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PostPosted: Wed Nov 01, 2006 11:13 pm
by uniqueniqueib
quote="Scrib"]Not to interrupt your squabbling about religion (which I agree that a person doesn't have to believe in something to write about it)

Are you serious so you are telling me JK believes in withces and magic and everything she writes about in Harry Potter. I could write about greek mythology but that doesnt mean i believe in zeus and all the other gods and goddess.

PostPosted: Wed Nov 01, 2006 11:15 pm
by jediace90
I got the idea that Keats was the "Bright Star." In the poem he is accepting his coming death because he knows he will then be able to be with Fanny forever in spirit, in heaven, from the moon, or wherever he believes one goes after death. In line two, he says, "Not in lone" meaning he will not be alone in death cause he will be with Fanny.
This may be a rather far-fetched observation, but in the last six lines of the poem there are a lot of 'l's together. "Still, still, pillow'd, fall, swell, still, still" The many 'l's together led me to believe that it represents Keats and Fanny being together.

PostPosted: Thu Nov 02, 2006 2:44 am
by ibasleep
I found the poem to be symbolic of Keats attempting to repent his sins, as he felt he might die soon. The "Bright Star" represents the star over Jesus's manger, which the three wisemen used to find Jesus (who became the path to heaven), therefore the star represents the guiding light to heaven and repent. The rest of the poem follows this theme of repent along with eternal life, even the last line, "And so live ever—or else swoon to death" which is Keats's way saying through God eternal life exists, but with out Him you shal faid into nothing.

Re: Coming off the tangent...

PostPosted: Thu Nov 02, 2006 2:52 am
by ibasleep
Scrib wrote:Not to interrupt your squabbling about religion (which I agree that a person doesn't have to believe in something to write about it) I think that Bright Star doesn't have to do with religion. Instead I think Keats is trying to let it through in our minds that repeatedly the Earth goes through it's stages, spring, summer, winter, fall, and even though it's the same stages over and over again, it's still beautiful and it will last much longer than any of us will.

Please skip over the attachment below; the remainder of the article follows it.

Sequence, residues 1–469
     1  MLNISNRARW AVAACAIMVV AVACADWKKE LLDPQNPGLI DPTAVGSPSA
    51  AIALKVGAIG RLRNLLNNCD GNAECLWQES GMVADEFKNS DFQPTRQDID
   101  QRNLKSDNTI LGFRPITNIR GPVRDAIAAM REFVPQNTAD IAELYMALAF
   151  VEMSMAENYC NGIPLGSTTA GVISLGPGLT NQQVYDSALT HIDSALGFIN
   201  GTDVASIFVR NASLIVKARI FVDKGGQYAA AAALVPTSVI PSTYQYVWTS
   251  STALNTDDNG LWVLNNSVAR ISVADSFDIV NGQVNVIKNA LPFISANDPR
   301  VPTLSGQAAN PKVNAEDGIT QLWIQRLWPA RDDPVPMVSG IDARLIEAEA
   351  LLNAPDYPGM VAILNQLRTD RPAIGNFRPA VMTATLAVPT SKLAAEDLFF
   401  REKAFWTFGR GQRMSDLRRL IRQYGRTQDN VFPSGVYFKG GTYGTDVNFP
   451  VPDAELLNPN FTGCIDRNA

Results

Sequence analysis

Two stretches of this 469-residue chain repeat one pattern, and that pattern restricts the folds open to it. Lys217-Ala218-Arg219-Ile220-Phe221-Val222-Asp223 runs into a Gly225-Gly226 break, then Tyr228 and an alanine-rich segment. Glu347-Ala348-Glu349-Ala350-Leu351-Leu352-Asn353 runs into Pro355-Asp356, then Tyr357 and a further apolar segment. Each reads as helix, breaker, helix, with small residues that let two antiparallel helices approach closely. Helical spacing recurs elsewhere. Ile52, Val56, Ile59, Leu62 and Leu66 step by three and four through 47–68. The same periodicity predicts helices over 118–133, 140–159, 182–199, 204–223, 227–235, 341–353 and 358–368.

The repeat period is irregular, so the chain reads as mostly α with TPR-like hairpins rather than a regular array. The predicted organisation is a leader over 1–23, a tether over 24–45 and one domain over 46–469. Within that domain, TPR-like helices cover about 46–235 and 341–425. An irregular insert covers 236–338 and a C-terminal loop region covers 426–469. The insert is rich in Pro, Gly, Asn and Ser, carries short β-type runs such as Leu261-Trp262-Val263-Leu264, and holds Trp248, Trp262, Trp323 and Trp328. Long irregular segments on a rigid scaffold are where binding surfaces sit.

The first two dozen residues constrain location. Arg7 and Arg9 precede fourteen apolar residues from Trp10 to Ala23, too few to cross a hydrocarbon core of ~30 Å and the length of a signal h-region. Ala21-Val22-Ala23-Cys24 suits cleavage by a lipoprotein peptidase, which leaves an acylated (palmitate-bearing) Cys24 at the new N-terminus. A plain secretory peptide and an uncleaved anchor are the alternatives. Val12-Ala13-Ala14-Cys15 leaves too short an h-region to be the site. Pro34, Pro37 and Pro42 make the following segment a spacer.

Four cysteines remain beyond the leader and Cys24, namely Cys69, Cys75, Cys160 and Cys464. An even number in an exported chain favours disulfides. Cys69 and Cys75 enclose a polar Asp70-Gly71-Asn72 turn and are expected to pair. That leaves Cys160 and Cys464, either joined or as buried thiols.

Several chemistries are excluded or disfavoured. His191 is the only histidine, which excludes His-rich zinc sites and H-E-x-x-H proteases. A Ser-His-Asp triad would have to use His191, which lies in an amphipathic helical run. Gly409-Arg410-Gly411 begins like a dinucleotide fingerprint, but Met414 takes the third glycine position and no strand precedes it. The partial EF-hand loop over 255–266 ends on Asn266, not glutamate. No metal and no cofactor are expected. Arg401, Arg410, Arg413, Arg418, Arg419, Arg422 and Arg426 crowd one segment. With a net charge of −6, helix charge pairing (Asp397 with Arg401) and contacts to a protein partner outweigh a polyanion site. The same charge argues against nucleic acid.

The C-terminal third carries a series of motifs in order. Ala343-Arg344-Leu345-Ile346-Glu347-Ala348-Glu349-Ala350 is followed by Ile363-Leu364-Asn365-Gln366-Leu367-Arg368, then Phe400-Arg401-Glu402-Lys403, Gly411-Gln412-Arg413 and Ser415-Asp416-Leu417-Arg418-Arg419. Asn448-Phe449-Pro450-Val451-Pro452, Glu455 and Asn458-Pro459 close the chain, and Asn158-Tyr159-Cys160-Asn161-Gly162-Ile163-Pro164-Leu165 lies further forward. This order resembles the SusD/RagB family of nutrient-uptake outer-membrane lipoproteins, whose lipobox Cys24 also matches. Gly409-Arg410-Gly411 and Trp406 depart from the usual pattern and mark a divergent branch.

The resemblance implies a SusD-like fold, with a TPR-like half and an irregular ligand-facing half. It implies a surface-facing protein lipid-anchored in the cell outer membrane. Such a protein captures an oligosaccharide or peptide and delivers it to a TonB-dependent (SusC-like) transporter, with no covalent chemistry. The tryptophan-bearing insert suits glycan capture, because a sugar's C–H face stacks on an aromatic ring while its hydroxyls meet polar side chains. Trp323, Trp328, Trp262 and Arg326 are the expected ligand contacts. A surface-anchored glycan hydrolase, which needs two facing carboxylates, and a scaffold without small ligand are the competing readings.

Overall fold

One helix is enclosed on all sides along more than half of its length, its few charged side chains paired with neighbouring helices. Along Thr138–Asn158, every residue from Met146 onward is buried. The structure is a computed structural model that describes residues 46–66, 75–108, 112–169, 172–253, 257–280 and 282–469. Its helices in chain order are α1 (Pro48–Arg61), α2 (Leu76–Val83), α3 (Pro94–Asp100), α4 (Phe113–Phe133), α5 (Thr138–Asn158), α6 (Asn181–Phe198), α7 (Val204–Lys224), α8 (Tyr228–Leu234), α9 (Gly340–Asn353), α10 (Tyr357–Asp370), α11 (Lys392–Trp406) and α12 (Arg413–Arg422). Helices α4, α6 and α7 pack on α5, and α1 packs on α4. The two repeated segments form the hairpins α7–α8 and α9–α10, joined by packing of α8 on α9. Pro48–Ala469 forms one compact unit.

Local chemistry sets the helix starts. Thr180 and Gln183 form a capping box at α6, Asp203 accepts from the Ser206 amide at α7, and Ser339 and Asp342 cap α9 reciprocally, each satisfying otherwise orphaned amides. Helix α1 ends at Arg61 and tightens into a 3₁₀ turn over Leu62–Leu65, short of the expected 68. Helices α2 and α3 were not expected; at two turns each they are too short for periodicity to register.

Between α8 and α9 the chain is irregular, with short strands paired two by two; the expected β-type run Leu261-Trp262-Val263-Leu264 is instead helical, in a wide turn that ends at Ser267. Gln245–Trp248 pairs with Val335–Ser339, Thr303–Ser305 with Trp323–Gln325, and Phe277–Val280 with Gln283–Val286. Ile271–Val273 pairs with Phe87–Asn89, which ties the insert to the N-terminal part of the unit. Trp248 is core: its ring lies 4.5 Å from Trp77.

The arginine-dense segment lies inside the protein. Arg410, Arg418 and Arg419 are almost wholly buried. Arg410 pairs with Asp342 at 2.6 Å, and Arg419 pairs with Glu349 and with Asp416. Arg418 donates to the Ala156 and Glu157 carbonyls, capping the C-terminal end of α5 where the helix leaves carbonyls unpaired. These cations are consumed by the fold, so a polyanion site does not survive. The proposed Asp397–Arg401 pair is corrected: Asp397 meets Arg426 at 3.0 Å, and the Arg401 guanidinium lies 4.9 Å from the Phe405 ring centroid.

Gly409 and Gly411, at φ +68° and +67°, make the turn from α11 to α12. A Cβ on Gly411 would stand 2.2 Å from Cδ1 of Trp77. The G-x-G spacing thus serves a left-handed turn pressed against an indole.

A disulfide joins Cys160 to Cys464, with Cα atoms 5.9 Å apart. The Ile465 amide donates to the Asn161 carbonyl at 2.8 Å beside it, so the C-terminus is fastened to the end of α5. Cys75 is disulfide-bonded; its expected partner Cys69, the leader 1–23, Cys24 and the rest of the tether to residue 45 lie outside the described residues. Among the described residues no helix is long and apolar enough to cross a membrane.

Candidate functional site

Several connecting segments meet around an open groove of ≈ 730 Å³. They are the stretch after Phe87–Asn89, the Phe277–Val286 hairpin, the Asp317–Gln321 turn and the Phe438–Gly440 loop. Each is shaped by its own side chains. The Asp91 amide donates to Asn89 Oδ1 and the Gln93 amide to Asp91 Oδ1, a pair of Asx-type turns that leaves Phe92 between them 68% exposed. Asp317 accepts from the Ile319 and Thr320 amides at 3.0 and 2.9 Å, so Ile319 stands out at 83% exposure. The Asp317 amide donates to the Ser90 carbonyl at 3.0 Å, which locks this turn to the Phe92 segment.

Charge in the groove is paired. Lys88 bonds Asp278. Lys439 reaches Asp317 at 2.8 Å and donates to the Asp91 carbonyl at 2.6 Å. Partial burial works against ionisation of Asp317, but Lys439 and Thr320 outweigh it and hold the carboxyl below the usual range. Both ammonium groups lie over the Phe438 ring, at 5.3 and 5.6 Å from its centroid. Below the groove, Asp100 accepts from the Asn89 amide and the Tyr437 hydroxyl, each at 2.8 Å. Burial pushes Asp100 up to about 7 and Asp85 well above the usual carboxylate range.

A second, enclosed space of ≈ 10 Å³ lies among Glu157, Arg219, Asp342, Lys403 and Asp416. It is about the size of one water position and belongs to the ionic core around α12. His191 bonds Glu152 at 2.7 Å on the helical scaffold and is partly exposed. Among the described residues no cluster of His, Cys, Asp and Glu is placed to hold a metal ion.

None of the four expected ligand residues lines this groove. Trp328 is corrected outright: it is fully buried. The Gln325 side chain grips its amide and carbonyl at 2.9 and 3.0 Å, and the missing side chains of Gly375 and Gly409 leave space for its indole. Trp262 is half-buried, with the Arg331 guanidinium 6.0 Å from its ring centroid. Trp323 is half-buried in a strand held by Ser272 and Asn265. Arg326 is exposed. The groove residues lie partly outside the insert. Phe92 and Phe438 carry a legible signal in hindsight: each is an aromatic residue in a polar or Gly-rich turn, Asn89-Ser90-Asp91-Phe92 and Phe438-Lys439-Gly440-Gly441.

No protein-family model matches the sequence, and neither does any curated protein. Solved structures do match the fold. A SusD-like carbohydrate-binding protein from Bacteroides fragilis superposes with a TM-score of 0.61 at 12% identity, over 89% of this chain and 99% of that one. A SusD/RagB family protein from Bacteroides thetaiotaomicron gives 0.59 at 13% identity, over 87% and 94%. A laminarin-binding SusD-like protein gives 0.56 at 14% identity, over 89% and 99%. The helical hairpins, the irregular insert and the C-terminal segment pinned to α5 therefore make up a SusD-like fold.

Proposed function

I think that your interpretation though interesting is somewhat wrong, mainly do to the fact that there are biblical/religous references thoughout the entire poem. Not even on a deeper level, there are words such as priestlike, Eremite, and ablution, these are three words that would right away make me think that this poem has some religous meaning.

PostPosted: Thu Nov 02, 2006 2:55 am
by Papillon
Jediace, you said: This may be a rather far-fetched observation, but in the last six lines of the poem there are a lot of 'l's together. "Still, still, pillow'd, fall, swell, still, still" The many 'l's together led me to believe that it represents Keats and Fanny being together.

Hmmm....that does seem to be a bit of a stretch in my mind. How does the "L" sound represent the love of John and Fanny?

However, perhaps the consonance of the "L" might represent something else? Maybe the lulling, drifting off? Maybe an insistent and enduring tone -- remember me as I'm fading? (You know how the "L" sound just seems to resonate and echo?)

PostPosted: Thu Nov 02, 2006 3:06 am
by Scrib
uniqueniqueib wrote:quote="Scrib"]Not to interrupt your squabbling about religion (which I agree that a person doesn't have to believe in something to write about it)

Are you serious so you are telling me JK believes in withces and magic and everything she writes about in Harry Potter. I could write about greek mythology but that doesnt mean i believe in zeus and all the other gods and goddess.



in case you didn't read it right the first time I AGREE that a person does NOT HAVE to believe in something to write about it...

responding to ibasleep...I didn't say religion wasn't involved whatsoever...but I do believe that he may be referring to religion in a new sense, given how he worships nature and all...he mentions ablution...which is when they purify themselves with holy water.....purifying ones-self through nature, rivers, lakes, streams....Eremite, a nature lover who spends as much time as s/he can amongst nature, practically living in it even....priestlike is continuing the ablution thing...worshipping nature...notice he says priestlike

PostPosted: Thu Nov 02, 2006 10:50 am
by Saturn
Please... enough with trying to make put Keats was religious - its just plain wrong.]

You guys are reading your OWN religious beliefs into Keats' writings.

He I'm sure would be horrified at people tacking religious meanings to his work.